Seeing Success

Many athletes use visualization or mental imagery to enhance their performance coaches can also introduce some simple techniques to junior players that may improve their performance.


The simplest way to create a change in ourselves is by repeating an affirmation. An affirmation is simply a positive statement saying something that we want to be the case. Many players will have a negative self-image or lack self-confidence and this can impact upon their performance.

Repeating positive affirmations, both by saying it to themselves and displaying it in various places where they will see it (e.g. on the fridge, the back of their bedroom door, in their school books etc.) can change a person’s self-confidence.

To be effective, affirmations must be:

  • Expressed in positive, not negative, terms;
  • In the present tense;
  • Possible;
  • About the person;
  • Short and simple;
  • Concrete and specific;
  • Fit their goals.

Affirmations like “I am a good teammate”, “I do my role” or “I constantly find ways to contribute to the team”

Visual Imagery

Visualisation is the process of “seeing in your mind” the performance of a particular skill or situation and can be used to improve a player’s execution of that skill or performance in that situation.

The use of visual imagery can result in an improvement in physical performance because the visualization creates neural patterns in the brain similarly to the neural patterns created when physically acting.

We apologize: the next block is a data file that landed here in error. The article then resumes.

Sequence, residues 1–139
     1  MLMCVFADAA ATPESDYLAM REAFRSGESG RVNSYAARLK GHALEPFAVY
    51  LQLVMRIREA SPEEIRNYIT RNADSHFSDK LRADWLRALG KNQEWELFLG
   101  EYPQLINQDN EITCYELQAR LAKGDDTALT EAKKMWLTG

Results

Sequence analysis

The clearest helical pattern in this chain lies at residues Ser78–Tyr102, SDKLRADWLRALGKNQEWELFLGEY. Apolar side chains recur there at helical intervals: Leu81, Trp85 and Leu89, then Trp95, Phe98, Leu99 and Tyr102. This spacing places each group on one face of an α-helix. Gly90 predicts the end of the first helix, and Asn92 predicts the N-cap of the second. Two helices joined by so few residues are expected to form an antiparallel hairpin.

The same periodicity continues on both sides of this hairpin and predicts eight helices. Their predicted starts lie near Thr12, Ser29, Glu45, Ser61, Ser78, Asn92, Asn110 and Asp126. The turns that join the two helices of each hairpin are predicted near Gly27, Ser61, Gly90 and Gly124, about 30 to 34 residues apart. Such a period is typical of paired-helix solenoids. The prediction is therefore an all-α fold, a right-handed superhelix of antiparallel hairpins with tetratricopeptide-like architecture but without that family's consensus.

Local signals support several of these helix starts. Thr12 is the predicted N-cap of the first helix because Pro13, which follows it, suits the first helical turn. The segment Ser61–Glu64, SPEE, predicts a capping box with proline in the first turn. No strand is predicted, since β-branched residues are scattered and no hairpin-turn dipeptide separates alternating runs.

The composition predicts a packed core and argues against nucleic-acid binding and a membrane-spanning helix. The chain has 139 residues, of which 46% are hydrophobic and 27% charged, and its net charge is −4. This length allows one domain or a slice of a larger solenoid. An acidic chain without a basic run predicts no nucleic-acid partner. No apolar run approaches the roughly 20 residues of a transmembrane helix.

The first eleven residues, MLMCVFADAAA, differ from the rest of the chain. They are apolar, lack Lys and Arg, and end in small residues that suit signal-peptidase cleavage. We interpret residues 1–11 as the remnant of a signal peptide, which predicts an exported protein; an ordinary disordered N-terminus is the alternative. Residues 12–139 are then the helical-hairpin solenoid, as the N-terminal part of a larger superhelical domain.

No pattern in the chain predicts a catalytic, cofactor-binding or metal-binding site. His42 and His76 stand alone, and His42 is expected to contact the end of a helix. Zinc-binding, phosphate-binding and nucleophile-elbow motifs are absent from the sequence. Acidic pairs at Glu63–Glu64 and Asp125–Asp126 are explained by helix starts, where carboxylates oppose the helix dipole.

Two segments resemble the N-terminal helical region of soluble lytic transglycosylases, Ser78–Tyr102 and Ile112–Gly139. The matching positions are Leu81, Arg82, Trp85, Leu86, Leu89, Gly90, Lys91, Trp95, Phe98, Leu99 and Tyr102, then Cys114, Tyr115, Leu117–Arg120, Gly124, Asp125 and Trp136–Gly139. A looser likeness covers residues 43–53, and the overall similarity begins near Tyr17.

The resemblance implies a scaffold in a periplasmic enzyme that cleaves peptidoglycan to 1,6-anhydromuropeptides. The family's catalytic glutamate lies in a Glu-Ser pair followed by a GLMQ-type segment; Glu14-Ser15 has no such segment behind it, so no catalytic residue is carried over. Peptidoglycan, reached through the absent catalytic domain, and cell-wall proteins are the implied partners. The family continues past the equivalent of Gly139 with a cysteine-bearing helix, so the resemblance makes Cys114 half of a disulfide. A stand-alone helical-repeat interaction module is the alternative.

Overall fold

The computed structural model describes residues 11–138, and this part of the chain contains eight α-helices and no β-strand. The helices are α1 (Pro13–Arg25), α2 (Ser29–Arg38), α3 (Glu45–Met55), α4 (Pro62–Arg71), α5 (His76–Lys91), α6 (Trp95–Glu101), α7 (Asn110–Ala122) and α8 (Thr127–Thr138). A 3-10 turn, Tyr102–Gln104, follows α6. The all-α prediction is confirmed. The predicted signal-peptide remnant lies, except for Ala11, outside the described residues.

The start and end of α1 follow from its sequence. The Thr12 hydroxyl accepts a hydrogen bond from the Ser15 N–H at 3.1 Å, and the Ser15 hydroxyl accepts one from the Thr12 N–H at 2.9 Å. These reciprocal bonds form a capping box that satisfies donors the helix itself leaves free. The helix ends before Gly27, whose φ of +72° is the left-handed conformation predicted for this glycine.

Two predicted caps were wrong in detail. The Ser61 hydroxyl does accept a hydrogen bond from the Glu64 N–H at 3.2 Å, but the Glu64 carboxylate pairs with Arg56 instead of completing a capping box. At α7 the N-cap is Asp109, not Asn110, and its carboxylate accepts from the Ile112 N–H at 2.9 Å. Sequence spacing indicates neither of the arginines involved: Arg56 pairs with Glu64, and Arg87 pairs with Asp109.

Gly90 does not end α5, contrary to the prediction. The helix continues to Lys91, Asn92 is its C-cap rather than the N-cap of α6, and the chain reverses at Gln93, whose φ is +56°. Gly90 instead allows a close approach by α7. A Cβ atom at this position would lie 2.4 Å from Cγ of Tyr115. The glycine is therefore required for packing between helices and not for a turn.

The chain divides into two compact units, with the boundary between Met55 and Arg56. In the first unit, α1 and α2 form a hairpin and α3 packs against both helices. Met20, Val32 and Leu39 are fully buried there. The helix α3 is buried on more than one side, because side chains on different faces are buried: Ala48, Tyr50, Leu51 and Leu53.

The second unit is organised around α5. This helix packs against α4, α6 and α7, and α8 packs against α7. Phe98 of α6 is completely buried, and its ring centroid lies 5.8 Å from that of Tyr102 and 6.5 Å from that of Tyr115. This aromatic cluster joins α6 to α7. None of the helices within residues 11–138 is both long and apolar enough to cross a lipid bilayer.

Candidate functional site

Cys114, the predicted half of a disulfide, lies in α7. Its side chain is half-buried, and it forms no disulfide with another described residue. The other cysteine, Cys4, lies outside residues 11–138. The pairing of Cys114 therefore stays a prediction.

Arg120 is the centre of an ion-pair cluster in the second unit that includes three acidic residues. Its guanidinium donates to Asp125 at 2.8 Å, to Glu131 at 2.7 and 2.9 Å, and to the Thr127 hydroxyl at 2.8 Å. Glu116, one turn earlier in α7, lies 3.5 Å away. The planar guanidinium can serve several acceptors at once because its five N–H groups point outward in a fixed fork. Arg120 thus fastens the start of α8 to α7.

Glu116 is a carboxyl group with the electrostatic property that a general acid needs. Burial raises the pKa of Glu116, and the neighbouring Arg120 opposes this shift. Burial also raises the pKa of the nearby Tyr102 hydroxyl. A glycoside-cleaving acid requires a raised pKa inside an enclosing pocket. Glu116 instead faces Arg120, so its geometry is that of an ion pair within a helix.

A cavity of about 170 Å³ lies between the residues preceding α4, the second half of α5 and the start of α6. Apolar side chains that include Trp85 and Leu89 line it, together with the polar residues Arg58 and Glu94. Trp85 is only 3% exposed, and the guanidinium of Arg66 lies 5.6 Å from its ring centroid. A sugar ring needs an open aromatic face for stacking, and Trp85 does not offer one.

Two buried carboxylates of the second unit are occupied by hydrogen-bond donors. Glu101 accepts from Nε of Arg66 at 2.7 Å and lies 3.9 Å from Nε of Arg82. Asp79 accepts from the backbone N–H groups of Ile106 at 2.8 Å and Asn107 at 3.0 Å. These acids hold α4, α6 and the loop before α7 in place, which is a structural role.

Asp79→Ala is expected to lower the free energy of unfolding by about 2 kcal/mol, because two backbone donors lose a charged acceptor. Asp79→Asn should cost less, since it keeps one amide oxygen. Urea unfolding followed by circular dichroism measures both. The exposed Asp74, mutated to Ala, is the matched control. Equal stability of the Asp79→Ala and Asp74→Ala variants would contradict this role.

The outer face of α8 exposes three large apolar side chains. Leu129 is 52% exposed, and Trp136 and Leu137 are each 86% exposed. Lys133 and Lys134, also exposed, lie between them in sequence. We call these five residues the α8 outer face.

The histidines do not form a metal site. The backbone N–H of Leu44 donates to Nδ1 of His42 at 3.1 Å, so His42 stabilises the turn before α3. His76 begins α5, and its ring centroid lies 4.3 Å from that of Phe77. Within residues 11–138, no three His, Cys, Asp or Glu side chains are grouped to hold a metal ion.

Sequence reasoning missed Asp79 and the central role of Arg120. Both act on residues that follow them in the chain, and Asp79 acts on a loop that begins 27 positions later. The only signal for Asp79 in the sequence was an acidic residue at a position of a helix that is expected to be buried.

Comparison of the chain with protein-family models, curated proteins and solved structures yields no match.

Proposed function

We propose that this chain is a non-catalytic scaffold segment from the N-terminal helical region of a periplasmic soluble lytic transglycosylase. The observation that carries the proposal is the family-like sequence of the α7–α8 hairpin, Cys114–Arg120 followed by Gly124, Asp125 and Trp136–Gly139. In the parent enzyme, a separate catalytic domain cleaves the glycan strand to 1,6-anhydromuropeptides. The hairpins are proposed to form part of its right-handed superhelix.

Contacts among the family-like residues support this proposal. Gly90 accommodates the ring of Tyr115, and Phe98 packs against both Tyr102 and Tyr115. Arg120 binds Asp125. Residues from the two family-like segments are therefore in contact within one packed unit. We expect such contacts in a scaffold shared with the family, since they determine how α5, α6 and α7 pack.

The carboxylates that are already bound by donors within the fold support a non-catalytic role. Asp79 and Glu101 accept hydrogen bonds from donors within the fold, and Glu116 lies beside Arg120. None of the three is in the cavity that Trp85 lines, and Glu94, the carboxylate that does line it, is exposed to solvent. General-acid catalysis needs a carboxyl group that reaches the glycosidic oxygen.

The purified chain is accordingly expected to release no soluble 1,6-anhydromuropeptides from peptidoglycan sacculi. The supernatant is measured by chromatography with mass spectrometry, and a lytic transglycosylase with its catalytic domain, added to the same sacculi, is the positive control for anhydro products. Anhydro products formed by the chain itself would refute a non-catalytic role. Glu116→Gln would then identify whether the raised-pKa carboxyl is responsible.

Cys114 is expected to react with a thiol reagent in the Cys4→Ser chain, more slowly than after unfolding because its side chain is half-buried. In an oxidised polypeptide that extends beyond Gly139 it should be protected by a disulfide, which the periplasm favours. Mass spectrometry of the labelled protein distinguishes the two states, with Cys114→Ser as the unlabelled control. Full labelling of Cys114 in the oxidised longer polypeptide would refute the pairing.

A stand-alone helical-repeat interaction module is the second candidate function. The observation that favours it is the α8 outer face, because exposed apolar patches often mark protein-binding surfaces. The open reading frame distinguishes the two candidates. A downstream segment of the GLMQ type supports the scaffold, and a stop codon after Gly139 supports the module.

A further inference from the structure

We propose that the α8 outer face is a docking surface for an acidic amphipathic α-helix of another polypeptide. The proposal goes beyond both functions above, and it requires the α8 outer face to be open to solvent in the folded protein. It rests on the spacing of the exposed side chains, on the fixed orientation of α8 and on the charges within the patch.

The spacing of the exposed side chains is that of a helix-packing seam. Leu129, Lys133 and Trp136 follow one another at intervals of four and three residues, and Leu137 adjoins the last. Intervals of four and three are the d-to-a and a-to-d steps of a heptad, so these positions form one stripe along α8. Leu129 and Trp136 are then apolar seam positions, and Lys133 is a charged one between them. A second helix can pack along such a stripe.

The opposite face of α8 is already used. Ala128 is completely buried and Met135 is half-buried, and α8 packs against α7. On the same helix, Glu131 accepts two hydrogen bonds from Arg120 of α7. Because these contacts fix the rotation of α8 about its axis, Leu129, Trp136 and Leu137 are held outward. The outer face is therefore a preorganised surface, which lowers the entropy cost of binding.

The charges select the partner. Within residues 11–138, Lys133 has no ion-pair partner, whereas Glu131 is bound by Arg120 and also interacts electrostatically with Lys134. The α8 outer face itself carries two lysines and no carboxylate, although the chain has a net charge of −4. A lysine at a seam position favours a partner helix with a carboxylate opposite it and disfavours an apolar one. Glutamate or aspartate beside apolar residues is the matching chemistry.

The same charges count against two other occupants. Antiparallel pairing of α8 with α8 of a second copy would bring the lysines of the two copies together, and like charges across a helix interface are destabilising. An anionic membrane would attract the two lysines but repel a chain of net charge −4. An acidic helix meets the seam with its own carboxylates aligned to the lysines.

Visualisation is a skill that can be developed and that will improve the more that it is done. A coach may initially direct players in using such imagery and then those athletes may do it themselves.

To do a simple visualization with player’s take them through taking a free throw. The players should be relaxed and comfortable.

  1. Ask the players to see the basketball court and describe it to them in as much detail as you can. As they are familiar with it, they should be able to “see” the various things you describe.
  2. Ask them to use as many of their senses as possible:
    1. “hear the squeak of basketball shoes”
    2. “feel the leather of the basketball”
  3. Have the player’s walk to the free throw line. Some players will find it easier to see themselves (as if watching a movie – so they see themselves) whilst others will find it easier to visualize as they would actually see it (and they will not see themselves).
  4. Describe the situation to them. Describe where referees, teammates, opponents etc. are.
  5. Ask them to visualize doing their normal foul shot routine – feeling the ball in their hands, hearing it bounce, feeling sweat on their arms. Again, be as descriptive as you can in asking them to see the situation.
  6. Ask the athlete to feel the various parts of their body as they shoot, their legs, their arms etc. Have them take the shot and finish seeing and hearing the ball “swish” in the basket.

Some players may like to listen to some music to relax before doing a visualization.

The key things in doing a visualization are:

  • Be comfortable and relaxed;
  • Be specific about what is being visualized;
  • Use as many senses as possible to make the visualization “real” (i.e. hearing, feeling, seeing, smelling);
  • Describe in as much detail as possible (e.g. the location of specific team mates, colours, temperature, game situation, location and action by defenders).

With practice, players may be able to use visualization to:

  • Rehearse principles of play (e.g. 2x1, screening action) as well as performing skills;
  • Help relax prior to major games;
  • Get to sleep.